Website of the Laceby History Group

George Herbert White


This fascinating account of Laceby in the 1870s
appears to have come to light in New Zealand as a
result of research into emigration to the colony.
John Hobson White, Emigration Agent for North
Lincolnshire, who was mentioned in the last edition
of the Chronicles, (Hard Times: Life in Laceby
1800-1914), was the father of George Herbert White.


Birth and Ancestry

It has been said that every man should record the chief events of his life, if not for the benefit of posterity, at least for the interest of his immediate descendants. It has been a matter of regret to me that my father failed to do this, for his life was particularly full and varied. Mine has been decidedly varied, but I could certainly never hope to deal with its events in chronological sequence, or even in accordance with the last three syllables of that adjective. But to have a chronological start, here goes!

I was born on the 6th August, 1867. Naturally I have no recollection of the event, but the statement is not mere hearsay, for in black and white in the Family Bible appears this entry:-

George Herbert, son of the above John Hobson and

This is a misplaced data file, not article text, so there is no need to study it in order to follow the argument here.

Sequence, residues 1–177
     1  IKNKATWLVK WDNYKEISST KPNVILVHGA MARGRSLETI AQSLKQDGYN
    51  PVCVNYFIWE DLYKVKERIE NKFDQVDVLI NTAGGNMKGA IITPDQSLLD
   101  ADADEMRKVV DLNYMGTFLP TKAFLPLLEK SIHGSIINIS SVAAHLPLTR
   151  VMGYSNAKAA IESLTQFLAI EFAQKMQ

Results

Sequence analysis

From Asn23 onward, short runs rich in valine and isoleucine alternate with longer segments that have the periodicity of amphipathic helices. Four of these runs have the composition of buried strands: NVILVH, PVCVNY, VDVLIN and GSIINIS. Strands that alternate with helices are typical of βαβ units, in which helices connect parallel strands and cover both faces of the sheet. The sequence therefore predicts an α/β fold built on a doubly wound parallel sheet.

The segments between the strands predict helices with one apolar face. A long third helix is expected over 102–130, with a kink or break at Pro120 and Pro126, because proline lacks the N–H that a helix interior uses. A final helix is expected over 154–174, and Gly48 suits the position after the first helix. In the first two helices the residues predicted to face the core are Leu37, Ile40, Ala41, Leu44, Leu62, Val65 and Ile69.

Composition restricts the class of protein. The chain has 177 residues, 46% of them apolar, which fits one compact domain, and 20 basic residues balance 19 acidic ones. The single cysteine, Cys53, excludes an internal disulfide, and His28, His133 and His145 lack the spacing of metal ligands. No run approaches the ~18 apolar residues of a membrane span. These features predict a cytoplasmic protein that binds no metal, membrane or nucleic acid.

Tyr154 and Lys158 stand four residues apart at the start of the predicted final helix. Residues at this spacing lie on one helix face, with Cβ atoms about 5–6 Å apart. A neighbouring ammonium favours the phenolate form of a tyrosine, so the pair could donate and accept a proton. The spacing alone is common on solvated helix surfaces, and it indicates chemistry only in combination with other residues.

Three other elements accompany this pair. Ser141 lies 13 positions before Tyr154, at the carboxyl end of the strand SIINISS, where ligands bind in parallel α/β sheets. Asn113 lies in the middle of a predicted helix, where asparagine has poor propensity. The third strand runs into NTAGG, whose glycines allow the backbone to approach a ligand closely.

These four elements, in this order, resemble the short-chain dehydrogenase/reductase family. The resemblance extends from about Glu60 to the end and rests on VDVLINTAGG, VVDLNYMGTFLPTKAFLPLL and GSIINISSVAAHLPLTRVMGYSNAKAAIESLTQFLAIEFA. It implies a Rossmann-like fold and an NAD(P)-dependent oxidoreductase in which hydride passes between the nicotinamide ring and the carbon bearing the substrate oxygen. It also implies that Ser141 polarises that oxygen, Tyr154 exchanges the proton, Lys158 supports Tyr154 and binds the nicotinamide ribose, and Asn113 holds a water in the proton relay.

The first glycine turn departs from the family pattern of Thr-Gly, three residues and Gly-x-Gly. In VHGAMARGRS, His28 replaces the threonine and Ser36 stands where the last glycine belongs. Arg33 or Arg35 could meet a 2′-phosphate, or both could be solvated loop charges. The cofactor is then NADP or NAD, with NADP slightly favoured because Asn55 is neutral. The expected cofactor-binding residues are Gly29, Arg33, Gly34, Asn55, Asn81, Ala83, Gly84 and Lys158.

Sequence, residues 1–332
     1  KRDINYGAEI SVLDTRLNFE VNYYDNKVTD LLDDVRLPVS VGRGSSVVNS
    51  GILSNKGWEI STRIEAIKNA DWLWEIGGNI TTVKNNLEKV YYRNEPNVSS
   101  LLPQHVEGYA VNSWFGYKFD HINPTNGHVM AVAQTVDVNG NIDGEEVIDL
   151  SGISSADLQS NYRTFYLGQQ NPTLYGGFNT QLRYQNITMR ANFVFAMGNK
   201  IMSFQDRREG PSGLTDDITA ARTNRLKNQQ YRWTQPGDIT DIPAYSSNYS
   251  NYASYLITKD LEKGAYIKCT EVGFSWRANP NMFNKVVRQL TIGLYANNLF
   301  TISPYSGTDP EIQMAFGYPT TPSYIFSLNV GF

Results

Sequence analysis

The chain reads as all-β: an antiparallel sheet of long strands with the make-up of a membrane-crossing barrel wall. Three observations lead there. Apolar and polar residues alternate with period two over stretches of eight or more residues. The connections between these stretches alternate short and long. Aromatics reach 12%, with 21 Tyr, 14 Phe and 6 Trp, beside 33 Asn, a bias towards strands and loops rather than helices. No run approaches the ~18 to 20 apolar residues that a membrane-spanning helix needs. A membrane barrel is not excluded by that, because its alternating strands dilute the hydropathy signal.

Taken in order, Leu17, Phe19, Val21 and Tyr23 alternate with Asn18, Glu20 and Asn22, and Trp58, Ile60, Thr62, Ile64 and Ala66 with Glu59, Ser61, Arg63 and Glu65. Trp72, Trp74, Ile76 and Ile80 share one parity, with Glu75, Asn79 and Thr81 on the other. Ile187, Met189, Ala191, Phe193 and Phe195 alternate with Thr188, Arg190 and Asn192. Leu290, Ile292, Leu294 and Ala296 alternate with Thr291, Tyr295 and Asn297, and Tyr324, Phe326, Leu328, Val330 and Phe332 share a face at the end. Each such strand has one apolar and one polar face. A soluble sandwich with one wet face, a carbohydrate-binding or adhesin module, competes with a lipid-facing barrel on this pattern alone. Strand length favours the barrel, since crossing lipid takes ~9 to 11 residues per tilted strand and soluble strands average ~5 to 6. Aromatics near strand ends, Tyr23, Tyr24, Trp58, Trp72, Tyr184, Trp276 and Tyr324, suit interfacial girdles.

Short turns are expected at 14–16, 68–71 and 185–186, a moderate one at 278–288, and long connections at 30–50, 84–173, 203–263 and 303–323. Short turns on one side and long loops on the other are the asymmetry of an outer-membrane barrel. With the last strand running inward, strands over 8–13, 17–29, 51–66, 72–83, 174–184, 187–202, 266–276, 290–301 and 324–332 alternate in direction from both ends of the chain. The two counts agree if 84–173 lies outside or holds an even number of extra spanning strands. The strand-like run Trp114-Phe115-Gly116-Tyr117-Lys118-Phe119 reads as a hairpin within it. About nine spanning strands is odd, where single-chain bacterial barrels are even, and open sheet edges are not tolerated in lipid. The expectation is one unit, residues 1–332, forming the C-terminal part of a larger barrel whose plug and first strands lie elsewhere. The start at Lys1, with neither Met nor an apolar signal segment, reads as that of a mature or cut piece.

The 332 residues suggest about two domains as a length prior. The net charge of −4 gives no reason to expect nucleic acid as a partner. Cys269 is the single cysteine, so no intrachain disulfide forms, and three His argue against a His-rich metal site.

Emma Jane White, born August 6th, 1867, at 9.15 p.m.

A few ancestral details may perhaps appropriately appear here.

My grandfather, George Patchett White, died before my birth.

His wife was a Miss Hobson and they had a family of eight, of whom my father, John Hobson White, was the eldest. Mother's maiden name was Emma Jane Wales. They were married at Brunswick Wesleyan Chapel, Leeds. Father's father was a grocer and draper at Ludborough, while Hother's father had been a jeweller in Boars Lane, Leeds. Father's ancestry was definitely Anglo Saxon, and mother was of Norman descent, so I inherited a mixture of plebeian and aristocratic blood. Father received a secondary education ( a somewhat rare thing for ordinary people in those days) in Cresswell's Grammar School at Louth. He learnt some Latin and less Greek.

Later he was clerk in ironworks in Yorkshire, and then was in business at Laceby, where I was born.

Mother went to boarding school, where she learnt French and drawing and music, and then was governess in a private family in Yorkshire, where she met Father. She had learnt piano for five years and taught it five years.

Father was fair complexioned, short of stature, quick, active and optimistic, while Mother was very dark, of medium height, and of an artistic, nervous temperament.

My parents, therefore, were contrasts in many ways, but lovingly devoted to each other and to us children.

The Class Meeting